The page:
Centro changes name to Federation Centres
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Centro Retail shareholders have overwhelmingly agreed to change the shopping centre company's name to Federation Centres as it attempts to put past problems behind it.
Chairman Bob Edgar told an extraordinary meeting that after a year of addressing issues such as settling a class action, refinancing its debt facility from $1.0 billion to $1.8 billion and reducing its gearing levels the company was ready to move on.
"So, we believe that it is now time to draw a defining line on the past to clearly identify it from our future," he told shareholders.
"As I highlighted, we have worked hard to address legacy issues from the past and we are now ready to put those behind us.
"In addition, we have also worked hard to put the organisation on a strong footing to move forward and we are very proud of what we've achieved to date.
"We believe that changing our name and brand at this point in time is the most definitive way to draw this defining line from the past and, most importantly, signal the evolution of our business."
Mr Edgar said the word Federation was an important part of the new brand because it was an organisation of individual shopping centres, supported by local communities, but also supported by the corporate group.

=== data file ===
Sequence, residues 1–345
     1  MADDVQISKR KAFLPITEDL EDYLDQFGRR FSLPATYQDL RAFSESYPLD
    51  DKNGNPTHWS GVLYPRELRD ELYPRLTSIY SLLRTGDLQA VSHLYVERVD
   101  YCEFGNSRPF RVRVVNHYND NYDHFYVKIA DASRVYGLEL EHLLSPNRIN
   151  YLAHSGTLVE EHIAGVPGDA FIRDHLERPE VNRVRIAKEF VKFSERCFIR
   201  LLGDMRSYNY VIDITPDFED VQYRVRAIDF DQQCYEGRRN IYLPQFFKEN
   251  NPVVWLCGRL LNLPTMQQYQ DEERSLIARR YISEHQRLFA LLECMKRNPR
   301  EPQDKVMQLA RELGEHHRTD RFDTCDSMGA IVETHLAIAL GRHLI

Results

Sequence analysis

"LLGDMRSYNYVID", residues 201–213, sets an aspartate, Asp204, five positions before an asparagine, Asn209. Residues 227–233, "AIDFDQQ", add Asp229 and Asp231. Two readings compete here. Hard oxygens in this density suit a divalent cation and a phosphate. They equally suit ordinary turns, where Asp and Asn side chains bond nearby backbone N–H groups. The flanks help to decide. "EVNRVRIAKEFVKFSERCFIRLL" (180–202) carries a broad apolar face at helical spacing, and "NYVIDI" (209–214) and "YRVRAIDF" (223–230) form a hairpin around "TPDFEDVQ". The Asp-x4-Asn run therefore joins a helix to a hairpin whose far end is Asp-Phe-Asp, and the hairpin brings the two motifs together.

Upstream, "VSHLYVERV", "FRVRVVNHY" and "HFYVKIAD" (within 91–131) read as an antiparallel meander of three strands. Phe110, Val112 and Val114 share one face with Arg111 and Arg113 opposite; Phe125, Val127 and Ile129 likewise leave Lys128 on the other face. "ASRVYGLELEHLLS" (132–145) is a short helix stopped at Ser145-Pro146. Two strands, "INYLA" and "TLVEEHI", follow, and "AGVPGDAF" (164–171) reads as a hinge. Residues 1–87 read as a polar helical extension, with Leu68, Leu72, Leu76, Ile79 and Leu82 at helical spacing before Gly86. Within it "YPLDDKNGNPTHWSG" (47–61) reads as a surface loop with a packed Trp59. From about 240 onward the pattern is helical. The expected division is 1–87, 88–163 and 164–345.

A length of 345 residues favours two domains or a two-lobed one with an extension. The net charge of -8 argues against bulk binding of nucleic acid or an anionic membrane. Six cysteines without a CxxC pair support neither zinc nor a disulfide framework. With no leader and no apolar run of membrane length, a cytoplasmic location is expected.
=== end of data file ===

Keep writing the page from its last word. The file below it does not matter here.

The company owns 41 shopping centres across Australia and manages a further 43.
More than 99 per cent of shareholders voted in favour of the name change.
Centro was one of Australia's highest-profile casualties of the global financial crisis, succumbing to massive debts mainly due to its exposure to the US market.
It underwent a restructure to become Centro Retail Australia in December 2011, with a sole focus on Australian shopping centres.
In May Centro settled a class action bought against the company and its auditor in 2008.
Investors had accused Centro of engaging in misleading and deceptive conduct by not disclosing its 2007 financial report that it had at least $3 billion of interest-bearing debt falling due within 12 months.
The company contributed $85.6 million to the settlement, plus incurred a $203.3 million loss related to special securities issued to compensate some of its securityholders in the event of a settlement.
The settlement contributed to Centro suffering a $223 million loss for the seven months to June 30.